This Vaccine Is Most Likely to Keep You Out of the Hospital, CDC Study Says
New research says this COVID vaccine is the most effective in preventing hospitalizations.
Like any vaccine, your COVID shots are not guaranteed to prevent you from getting sick 100 percent of the time, but they are certainly going to help your odds. As the more transmissible Delta variant continues to circulate and the months pass after many people's last dose, there's concern about breakthrough cases of COVID among the fully vaccinated. But what the vaccine is even more likely to protect against than infection is a severe case of COVID or hospitalization as a result of the virus. A recent study from the Centers for Disease Control and Prevention (CDC) found that unvaccinated individuals are more than 10 times likelier to be hospitalized for COVID than those who are fully vaccinated. Though vaccinated individuals overall typically only experience mild infections in the rare instances when they do catch COVID, new research has found that you may be even less likely to be hospitalized if you're fully vaccinated, depending on which vaccine you received.
The CDC recently compared the effectiveness of Moderna's, Pfizer's, and Johnson & Johnson's vaccines in preventing hospitalizations among adults without immunocompromising conditions, and published their findings in a Sept. 17 study. The researchers conducted a case-control analysis among 3,689 adults who were admitted to 21 U.S. hospitals across 18 states from March 11 to Aug. 15 of this year. They then compared antibody levels of these patients to those of 100 healthy volunteers, measured two to six weeks after being fully vaccinated with either of the three COVID vaccines approved for use in the U.S.
According to the study, Moderna was the most likely to prevent COVID hospitalization, with an effectiveness of 93 percent. The effectiveness of both the Pfizer and Johnson & Johnson vaccines were slightly lower, at 88 percent and 71 percent, respectively.
The CDC researchers also found the effectiveness of Pfizer's vaccine significantly dropped four months after the second dose, while Moderna's did not. After this time period, Pfizer's went from being 91 percent effective to 77 percent, while the effectiveness of the Moderna vaccine only dropped from 93 percent to 92 percent. According to the study, this contributed to Pfizer's slightly lower protection against hospitalization.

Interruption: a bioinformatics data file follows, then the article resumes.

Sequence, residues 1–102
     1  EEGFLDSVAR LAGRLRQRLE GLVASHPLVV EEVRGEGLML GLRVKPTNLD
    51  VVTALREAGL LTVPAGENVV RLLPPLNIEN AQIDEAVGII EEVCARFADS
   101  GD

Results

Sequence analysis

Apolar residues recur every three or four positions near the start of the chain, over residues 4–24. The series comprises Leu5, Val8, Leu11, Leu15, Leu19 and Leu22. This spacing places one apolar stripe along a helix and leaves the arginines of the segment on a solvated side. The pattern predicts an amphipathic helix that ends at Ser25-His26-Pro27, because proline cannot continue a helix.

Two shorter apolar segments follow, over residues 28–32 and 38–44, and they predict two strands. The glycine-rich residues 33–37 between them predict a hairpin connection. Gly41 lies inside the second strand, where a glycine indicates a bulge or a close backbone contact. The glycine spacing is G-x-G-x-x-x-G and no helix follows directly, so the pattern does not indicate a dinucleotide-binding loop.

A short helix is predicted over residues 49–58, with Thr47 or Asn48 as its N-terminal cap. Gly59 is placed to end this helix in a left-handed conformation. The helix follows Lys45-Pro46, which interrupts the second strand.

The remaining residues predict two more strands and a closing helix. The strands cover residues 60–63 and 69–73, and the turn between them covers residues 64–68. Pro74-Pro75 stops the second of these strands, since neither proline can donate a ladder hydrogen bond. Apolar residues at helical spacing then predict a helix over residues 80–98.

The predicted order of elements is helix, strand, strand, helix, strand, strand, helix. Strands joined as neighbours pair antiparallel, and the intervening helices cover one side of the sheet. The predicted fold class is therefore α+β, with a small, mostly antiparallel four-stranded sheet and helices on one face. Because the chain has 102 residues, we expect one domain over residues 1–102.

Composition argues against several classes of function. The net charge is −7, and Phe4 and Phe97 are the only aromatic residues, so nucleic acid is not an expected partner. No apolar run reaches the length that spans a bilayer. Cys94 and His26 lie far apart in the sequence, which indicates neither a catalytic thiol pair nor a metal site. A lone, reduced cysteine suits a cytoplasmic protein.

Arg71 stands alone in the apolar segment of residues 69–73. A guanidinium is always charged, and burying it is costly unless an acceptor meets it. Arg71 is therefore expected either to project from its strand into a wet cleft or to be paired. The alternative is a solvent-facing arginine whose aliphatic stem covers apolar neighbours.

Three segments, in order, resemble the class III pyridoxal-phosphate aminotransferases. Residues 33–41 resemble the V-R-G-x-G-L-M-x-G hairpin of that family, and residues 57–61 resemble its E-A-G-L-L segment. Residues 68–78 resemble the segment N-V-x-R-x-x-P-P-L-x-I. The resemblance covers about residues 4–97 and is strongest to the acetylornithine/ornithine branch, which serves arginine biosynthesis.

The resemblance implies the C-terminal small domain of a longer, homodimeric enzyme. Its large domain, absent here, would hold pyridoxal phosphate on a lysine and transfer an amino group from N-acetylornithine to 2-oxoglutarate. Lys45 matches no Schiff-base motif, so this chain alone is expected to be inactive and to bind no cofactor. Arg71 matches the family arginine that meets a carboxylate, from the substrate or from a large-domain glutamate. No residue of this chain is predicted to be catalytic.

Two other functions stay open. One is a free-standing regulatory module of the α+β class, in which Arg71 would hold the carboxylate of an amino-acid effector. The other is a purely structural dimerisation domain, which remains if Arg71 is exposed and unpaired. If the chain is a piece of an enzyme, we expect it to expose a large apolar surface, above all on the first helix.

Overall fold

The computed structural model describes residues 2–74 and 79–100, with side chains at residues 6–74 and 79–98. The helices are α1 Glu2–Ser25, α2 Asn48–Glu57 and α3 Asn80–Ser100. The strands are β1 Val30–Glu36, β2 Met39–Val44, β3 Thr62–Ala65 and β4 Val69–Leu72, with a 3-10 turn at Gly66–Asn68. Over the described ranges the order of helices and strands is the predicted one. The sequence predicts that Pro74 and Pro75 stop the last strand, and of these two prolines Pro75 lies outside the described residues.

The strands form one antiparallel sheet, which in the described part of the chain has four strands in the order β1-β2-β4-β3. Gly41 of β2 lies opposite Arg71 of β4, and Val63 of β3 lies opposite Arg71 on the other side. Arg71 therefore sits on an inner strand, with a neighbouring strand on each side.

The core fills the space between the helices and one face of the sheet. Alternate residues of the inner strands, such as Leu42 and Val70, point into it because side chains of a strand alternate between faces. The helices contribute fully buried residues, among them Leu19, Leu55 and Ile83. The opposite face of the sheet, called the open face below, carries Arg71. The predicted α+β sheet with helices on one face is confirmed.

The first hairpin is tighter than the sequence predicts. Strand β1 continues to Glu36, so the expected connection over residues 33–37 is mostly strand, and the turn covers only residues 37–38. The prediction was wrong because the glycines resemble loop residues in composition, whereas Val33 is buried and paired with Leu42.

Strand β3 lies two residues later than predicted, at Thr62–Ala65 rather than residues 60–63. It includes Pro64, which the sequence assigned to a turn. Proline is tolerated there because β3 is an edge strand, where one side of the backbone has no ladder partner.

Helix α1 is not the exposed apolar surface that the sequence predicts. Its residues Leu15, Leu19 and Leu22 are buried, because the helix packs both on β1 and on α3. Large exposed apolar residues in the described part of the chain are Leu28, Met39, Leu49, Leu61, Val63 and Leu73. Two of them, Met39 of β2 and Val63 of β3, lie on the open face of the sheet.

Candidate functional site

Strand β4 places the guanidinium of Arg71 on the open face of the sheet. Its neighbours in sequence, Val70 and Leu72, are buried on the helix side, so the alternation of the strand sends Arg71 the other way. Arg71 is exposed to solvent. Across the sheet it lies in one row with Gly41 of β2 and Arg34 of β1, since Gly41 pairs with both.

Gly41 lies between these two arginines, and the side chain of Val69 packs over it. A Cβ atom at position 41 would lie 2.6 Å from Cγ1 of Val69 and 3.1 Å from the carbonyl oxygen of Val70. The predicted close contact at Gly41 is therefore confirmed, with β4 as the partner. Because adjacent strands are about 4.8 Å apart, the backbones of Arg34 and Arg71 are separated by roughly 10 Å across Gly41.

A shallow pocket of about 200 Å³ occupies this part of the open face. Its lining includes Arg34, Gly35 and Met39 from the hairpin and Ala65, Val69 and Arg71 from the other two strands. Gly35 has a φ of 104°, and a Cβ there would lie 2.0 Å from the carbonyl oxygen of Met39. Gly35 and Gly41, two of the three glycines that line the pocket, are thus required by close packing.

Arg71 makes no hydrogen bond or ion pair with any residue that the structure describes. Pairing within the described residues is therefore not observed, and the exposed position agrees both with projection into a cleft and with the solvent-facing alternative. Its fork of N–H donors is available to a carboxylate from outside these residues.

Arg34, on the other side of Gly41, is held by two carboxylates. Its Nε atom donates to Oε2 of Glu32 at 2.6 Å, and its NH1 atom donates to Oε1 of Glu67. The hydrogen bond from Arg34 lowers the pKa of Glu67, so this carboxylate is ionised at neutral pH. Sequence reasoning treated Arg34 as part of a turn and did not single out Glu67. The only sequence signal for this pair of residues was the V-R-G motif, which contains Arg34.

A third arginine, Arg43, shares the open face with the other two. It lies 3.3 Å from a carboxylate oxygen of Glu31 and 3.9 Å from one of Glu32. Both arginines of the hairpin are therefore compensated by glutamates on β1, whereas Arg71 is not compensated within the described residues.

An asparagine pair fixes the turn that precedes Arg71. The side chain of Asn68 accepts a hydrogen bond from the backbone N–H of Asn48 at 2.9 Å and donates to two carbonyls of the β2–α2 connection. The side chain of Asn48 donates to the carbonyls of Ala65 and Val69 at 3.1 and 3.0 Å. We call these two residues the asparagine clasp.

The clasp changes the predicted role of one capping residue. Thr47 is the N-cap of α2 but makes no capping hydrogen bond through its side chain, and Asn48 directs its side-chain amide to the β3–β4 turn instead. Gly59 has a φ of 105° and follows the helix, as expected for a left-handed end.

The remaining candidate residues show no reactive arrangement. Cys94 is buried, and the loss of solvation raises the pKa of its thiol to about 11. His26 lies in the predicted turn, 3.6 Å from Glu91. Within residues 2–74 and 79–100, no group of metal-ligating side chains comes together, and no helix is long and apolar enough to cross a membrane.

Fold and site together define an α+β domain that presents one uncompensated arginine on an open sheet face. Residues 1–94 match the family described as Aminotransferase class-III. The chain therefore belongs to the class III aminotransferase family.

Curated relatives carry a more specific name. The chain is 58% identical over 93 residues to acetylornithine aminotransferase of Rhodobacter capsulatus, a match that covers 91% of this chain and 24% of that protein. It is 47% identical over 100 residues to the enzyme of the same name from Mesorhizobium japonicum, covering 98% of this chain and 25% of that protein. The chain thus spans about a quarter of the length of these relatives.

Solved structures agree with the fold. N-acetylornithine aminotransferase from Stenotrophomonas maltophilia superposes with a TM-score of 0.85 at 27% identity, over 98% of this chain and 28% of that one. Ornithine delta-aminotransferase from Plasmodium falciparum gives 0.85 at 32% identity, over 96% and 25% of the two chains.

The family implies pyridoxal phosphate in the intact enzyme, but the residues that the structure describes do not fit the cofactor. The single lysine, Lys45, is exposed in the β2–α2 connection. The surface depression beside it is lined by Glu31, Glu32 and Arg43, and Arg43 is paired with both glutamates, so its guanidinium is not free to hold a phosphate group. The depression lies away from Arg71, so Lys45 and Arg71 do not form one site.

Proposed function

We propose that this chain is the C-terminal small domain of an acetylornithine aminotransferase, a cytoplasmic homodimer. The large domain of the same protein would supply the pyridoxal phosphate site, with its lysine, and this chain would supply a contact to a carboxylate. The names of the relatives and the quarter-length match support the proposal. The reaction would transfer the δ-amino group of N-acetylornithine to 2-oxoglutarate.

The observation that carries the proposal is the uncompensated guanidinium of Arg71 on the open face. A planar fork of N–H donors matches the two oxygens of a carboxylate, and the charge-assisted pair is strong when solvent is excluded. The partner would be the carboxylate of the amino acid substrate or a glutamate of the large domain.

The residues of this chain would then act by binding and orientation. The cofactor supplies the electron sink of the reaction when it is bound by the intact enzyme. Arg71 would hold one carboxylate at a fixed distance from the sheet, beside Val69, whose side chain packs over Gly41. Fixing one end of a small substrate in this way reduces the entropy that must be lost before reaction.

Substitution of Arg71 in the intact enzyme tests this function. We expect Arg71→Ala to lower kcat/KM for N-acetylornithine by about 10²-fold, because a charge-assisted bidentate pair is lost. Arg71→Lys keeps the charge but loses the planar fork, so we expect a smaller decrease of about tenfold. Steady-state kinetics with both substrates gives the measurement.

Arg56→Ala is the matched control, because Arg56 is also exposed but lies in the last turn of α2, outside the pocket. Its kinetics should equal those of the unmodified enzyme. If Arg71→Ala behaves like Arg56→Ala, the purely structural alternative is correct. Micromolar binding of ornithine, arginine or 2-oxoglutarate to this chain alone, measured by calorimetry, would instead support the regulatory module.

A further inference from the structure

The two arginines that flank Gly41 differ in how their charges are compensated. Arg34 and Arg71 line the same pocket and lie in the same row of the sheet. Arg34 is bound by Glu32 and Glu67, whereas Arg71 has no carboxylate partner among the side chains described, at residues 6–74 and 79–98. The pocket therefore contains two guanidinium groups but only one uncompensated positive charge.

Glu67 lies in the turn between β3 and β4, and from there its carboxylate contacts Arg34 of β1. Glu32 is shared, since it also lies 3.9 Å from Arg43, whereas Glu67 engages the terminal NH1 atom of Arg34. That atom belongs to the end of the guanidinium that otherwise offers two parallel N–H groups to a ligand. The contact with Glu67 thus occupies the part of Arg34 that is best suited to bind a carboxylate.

"Differences in [vaccine effectiveness] between the Moderna and Pfizer-BioNTech vaccine might be due to higher mRNA content in the Moderna vaccine, differences in timing between doses (three weeks for Pfizer-BioNTech versus four weeks for Moderna), or possible differences between groups that received each vaccine that were not accounted for in the analysis," the CDC notes.
This is not the first recent CDC-led study that has highlighted the higher protection that Moderna's vaccine may offer, however. On Sept. 10, the agency released a study of 32,000 medical encounters at 187 hospitals and 221 emergency departments and urgent care clinics across nine states from June to Aug. 2021, when the Delta variant became the dominant strain of the virus in the U.S.
According to that study, the Moderna vaccine also protected participants more against severe COVID in all medical encounters; it was 95 percent effective against hospitalizations and 92 percent effective against emergency department and urgent care visits. Pfizer was 80 percent effective against hospitalizations and 77 percent effective against emergency room and urgent care visits, while Johnson & Johnson's effectiveness levels were 60 percent and 65 percent, respectively.
Still, the CDC and the U.S. Food and Drug Administration (FDA) recommend any of the three available vaccines without preference, noting that all provide high levels of protectiveness against COVID-19. "Although these real-world data suggest some variation in levels of protection by vaccine, all FDA-approved or authorized COVID-19 vaccines provide substantial protection against COVID-19 hospitalization," the CDC stated in its Sept. 17 study.